2) Second rule: TV stations never apologize. You know TV stations in China are state owned, so they above anybody except the government. And in 30 years I've never ever seen TV stations apologizing for anything, because "they are the government", and government never wrongs.

So combine all the information above, I just couldn't find a trace of truth in the government handling of this issue. If you read Chinese, check up the internet, there are a lot talks, but obviouly being marginalized because CCP also controls this area.

3und: Is it your conclusion that the buns truly had cardboard, and the TV station is now claiming it was a fake story in order to chastise a rogue honest reporter and keep the situation quiet (or as we would say, "under wraps" (no pun intended, since these are baozi, not dumplings)?

Based on my judgement and experience, it IS my conclusiong that buns could very certainly have mashed cardbord(dissolved into pulp after treating with NaOH and pork flavor chemicals). Foodsafty has been such a notorious subject in China going on for so long that people actually stop "paniking" and the government stop pretending(when it's OK under circumstances). Just a few weeks back, a news breaking out revealing "stinky toufu" (a popular snack for some) makers use shit (yes!) to accelerate the manufacturing process,(just after the "cardbord hoax", the government also dismissed it as a 3-year old news, that no one is doing it anymore.) the long list of poisonous food goes on forever, just name a few truely original here: DDVP preserved Jinhua Ham(a very popular brand), fake egg(yes!) produced by using glutin and other industry chemicals, not real egg, but look 100% convincing(just found a link on your website, so you already knew it), and other numerous ways to use chemicals on vegetables and fruits to make them look better, brighter, redder, greener, whiter... Compared to them, the cardboard buns looks like green food. So what I'm saying is ANYTHING is possible in food in China nowadays, there's no prediction, as they say Chinese people are the most ingenious people in the world. And many people including me long ago since stopping eating anything on the street, only dine in someplace expensive occasionally and knowing still no guarantee that will be any safer. Long before the cardboard incident was reported, it is conventional wisdom that street vendors use deceased pig meat, or pig lymph, or even mice meat, or whatever cheaper ways to make "pork buns".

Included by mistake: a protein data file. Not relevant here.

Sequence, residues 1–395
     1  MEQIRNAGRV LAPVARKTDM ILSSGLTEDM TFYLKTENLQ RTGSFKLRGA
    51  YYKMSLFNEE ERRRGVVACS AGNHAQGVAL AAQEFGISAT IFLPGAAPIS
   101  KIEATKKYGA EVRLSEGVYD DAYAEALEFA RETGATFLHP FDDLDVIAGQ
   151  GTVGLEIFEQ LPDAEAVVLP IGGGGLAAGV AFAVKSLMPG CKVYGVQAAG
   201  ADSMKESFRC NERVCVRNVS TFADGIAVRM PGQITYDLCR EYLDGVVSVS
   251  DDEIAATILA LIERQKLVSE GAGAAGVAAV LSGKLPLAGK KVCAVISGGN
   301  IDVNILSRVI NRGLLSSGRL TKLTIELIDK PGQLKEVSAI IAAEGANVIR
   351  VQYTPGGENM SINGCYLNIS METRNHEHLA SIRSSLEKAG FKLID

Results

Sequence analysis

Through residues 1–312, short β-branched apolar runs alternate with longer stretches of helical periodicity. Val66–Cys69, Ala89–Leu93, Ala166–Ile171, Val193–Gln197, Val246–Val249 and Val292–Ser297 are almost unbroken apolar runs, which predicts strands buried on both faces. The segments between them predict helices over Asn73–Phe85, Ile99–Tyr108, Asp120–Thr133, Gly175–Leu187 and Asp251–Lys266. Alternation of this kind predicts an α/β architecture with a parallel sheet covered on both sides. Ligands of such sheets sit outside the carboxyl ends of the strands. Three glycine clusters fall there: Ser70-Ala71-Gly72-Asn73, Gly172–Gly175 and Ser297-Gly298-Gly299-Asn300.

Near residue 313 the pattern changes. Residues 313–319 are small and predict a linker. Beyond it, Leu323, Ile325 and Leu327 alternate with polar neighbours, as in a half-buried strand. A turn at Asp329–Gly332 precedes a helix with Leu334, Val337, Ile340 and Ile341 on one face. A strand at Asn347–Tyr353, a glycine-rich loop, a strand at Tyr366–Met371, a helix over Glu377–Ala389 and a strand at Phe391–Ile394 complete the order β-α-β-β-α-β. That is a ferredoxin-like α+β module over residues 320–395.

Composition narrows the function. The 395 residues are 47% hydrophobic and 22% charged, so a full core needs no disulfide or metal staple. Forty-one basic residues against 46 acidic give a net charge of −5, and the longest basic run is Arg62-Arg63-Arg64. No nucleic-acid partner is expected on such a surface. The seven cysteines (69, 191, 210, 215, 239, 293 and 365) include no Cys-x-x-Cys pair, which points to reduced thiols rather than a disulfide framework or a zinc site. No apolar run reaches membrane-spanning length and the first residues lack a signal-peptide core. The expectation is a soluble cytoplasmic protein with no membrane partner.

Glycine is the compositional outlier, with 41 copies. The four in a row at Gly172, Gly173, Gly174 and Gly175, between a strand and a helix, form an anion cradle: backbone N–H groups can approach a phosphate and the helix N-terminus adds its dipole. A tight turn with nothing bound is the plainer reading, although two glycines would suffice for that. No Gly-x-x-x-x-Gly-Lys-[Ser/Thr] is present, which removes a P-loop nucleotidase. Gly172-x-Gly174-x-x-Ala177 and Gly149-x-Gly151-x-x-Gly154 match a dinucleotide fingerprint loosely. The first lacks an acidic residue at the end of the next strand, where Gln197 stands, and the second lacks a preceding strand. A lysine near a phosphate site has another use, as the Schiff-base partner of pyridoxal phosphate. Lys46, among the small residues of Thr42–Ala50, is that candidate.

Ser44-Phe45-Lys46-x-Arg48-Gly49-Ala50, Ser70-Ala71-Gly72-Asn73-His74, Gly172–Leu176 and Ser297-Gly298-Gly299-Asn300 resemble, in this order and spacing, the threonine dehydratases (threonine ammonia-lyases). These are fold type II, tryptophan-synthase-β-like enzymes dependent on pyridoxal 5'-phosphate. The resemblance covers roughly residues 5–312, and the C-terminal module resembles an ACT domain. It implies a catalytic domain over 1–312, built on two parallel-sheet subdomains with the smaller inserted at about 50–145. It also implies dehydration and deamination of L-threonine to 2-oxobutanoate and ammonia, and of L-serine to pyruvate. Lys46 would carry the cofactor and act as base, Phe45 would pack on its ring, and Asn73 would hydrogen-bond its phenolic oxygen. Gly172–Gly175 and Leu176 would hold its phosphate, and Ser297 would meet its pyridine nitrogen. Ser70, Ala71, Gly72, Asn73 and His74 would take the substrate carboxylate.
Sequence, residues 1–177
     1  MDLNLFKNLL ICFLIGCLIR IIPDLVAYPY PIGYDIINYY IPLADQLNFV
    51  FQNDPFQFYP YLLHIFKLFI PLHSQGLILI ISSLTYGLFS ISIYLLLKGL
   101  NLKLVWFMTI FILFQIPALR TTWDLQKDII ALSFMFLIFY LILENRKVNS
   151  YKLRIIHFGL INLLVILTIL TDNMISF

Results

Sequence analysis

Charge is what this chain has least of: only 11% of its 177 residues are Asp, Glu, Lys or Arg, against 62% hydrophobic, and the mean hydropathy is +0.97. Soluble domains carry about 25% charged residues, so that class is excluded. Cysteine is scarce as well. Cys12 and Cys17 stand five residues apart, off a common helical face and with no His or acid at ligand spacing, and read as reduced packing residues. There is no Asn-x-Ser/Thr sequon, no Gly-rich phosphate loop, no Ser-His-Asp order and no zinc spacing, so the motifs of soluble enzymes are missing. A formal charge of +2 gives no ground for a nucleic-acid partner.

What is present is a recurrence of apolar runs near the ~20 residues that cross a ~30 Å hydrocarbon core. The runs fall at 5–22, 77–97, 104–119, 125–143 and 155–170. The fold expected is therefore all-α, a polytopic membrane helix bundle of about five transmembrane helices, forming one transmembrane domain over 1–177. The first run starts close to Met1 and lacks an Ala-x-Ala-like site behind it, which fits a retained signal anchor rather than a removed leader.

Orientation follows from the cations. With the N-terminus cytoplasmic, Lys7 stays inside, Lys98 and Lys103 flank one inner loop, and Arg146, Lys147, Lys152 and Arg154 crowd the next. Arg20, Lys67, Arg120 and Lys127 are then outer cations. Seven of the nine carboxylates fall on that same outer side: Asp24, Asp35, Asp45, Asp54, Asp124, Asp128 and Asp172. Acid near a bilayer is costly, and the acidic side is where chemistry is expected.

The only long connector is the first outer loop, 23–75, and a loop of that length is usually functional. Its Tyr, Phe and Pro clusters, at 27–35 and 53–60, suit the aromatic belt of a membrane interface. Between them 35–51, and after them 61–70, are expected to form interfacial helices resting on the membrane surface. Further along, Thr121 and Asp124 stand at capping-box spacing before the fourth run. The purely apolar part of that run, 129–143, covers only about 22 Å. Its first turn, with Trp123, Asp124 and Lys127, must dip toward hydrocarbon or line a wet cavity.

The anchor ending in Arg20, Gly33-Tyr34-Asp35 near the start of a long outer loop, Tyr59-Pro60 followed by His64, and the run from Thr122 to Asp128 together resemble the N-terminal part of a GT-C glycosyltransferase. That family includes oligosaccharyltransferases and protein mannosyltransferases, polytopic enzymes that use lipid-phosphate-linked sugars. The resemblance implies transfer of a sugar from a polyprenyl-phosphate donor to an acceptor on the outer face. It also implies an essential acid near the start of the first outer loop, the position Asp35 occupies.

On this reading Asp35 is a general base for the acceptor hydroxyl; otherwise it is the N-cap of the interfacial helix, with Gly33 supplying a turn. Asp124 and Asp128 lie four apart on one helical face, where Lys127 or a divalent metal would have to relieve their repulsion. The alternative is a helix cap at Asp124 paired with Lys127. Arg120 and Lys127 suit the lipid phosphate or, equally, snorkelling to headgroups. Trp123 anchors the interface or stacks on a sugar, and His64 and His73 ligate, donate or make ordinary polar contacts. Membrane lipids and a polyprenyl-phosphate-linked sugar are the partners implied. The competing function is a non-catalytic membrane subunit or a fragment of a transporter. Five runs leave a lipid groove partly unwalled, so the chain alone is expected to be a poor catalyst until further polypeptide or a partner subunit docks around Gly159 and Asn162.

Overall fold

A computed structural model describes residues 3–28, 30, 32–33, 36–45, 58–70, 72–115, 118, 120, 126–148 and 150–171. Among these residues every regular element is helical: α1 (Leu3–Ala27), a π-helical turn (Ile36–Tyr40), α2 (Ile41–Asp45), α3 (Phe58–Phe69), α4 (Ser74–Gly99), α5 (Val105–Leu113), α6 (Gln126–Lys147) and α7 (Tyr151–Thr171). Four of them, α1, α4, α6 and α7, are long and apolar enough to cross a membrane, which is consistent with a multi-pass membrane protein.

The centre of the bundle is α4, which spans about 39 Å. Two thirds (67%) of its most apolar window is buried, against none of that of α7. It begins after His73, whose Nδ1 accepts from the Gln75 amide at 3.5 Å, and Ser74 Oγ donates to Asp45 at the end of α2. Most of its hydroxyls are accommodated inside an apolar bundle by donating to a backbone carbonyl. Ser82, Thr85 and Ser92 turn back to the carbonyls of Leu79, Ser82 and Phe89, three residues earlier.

And back to the video, the reporter told audience that he was first tipped off by some informant, and went to check out, he even told audience that he did some experiment on his own but it didn't work, and then he went to the bun makers to ask them show him how this was done, of course under the disguise of a purchaser. Now the government's steel poofs of this so-called "Hoax" are two things:

1) The government did a quick checkup in the breakfast market and found the buns to be "100% clean and safe" (which I highly doubt, with or without cardboard, it couldn't be that clean), and who would be so stupid to continue selling cardboard buns after the big national news broke out?

2) The reporter took the cardboard to the bun makers and ask them do it. Well, even this was true, it doesn't prove the report was fake, because the reporter already told audience so. He disguised himself as some purchaser who knew they use cardboard to make buns, and he wanted they to show him, it's just logical he should bring the cardboard along.

So yes, I strongly believe the BTV station now claiming it was a fake story for some other reasons, but not really "in order to chastise a rogue honest reporter"(though it is the case), but to makeup for the bad publicity and image in the national and international eyes (particularly in the eve of the 08' Olympics). I don't have some agenda against the government, so I wouldn't go so far as to pick anything just to smear and to say they do something on such a large scale just to quench freedom of speech. I believe they do it in the belief that this is for national interest, or for government/Party interest to be more precise, and along the way, not only the reporter, but also the TV station are just scapegates that are dispensable, which in my point of view is much worse and hideous than what those bun makers did.

Here's part of the Cardboard Bun show replay on CCTV, not very easy to find anywhere except youtube. The original video lasts some 20 minutes.
link

Link: Using shit to make stinky Toufu
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Link:
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Also I want to show you the government declaration of the whole thing, which maybe you already read about, if you read Chinese that is. If you did read it, then you would notice the whole piece of work was roaring in plitical tones and typical CCP-favored vocabulary. "improve the ability to correctly direct the public opinions", "to enhance political understandings among media practice" and "to create a better environment for nation captial's industrialization construction"...